- 27 February 2014
- Sources: Primary
- Categories: Aga Khan IV ·· AKDN & its Forerunners ·· Audio/Video ·· Canada ·· Civil Society & Non-commercial ·· Democracy ·· Development Strategies ·· Dignity ·· Editor's Choice ·· Education ·· Ethics ·· Faith & Religion ·· Freedom & License ·· Governance (National) ·· History (General) ·· History (Islam) ·· Ignorance & Clash of Ignorance ·· Imamat ·· Imamat (Humour) ·· Inspiration from Faith ·· Invited ·· Islam (Culture & Heritage) ·· Islam (General) ·· Islam (Interpretation) ·· Ismailis ·· Knowledge & Intellect ·· Leadership ·· Merit & Meritocracy ·· Partnerships & Collaboration ·· Peace & Conflict ·· Pluralism ·· Poverty, Access, Opportunity & Equity ·· Published ·· Regional Focus ·· Society (Future) ·· Society (Rural) ·· Society (Ummah) ·· Speeches ·· Translation Required ·· Values ·· Volunteering (Time & Knowledge)
When the clashes of modern times have come, they have most often grown out of particular political circumstances, the twists and turns of power relationships and economic ambitions, rather than deep theological divides. Yet sadly, what is highly abnormal in the Islamic world gets mistaken for what is normal. Of course, media perceptions of our world in recent years have often been conveyed through a lens of war. But that is all the more reason to shape global conversation in a more informed direction. I am personally aware of the efforts the Prime Minister has made to achieve this. Thank you, Prime Minister….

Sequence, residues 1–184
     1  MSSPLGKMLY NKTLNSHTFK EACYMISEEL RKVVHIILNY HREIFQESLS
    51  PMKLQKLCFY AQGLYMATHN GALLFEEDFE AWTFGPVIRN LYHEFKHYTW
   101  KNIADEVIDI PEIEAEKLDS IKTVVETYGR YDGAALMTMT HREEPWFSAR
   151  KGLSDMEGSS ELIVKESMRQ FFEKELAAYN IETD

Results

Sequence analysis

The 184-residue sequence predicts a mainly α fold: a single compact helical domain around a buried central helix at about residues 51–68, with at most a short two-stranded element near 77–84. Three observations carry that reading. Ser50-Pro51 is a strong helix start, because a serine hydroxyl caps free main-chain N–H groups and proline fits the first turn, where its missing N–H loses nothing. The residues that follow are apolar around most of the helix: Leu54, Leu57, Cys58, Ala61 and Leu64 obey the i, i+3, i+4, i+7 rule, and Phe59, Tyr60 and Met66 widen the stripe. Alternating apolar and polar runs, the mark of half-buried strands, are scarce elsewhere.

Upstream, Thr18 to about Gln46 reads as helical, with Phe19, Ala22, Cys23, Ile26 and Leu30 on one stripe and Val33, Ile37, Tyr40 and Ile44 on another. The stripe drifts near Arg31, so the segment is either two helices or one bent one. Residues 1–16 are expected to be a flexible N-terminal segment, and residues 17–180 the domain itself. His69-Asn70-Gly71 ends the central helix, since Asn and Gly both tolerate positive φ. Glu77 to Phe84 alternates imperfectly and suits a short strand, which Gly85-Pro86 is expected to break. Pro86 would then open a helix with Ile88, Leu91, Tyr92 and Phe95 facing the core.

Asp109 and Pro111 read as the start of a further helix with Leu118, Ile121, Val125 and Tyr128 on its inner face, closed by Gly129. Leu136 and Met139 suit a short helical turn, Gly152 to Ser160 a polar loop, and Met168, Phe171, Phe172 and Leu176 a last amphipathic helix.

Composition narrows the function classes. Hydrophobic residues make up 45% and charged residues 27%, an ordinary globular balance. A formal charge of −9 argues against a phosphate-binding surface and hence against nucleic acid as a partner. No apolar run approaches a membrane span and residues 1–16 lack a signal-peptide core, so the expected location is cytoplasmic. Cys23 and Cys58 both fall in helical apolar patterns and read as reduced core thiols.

Perhaps the most important area of incomprehension, outside the Ummah, is the conflict between Sunni and Shia interpretations of Islam and the consequences for the Sunni and Shia peoples. This powerful tension is sometimes even more profound than conflicts between Muslims and other faiths. It has increased massively in scope and intensity recently, and has been further exacerbated by external interventions. In Pakistan and Malaysia, in Iraq and Syria, in Lebanon and Bahrain, in Yemen and Somalia and Afghanistan it is becoming a disaster. It is important, therefore, for non-Muslims who are dealing with the Ummah to communicate with both Sunni and Shia voices. To be oblivious to this reality would be like ignoring over many centuries that there were differences between Catholics and Protestants, or trying to resolve the civil war in Northern Ireland without engaging both Christian communities. What would have been the consequences if the Protestant-Catholic struggle in Ireland had spread throughout the Christian world, as is happening today between Shia and Sunni Muslims in more than nine countries? It is of the highest priority that these dangerous trends be well understood and resisted, and that the fundamental legitimacy of pluralistic outlooks be honoured in all aspects of our lives together, including matters of faith.